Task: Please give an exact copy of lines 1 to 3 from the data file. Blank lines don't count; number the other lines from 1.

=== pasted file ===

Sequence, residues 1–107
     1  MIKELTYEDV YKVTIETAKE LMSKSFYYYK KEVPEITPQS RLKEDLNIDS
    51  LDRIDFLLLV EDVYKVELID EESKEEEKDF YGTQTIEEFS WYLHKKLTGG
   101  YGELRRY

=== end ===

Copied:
Sequence, residues 1–107
     1  MIKELTYEDV YKVTIETAKE LMSKSFYYYK KEVPEITPQS RLKEDLNIDS
    51  LDRIDFLLLV EDVYKVELID EESKEEEKDF YGTQTIEEFS WYLHKKLTGG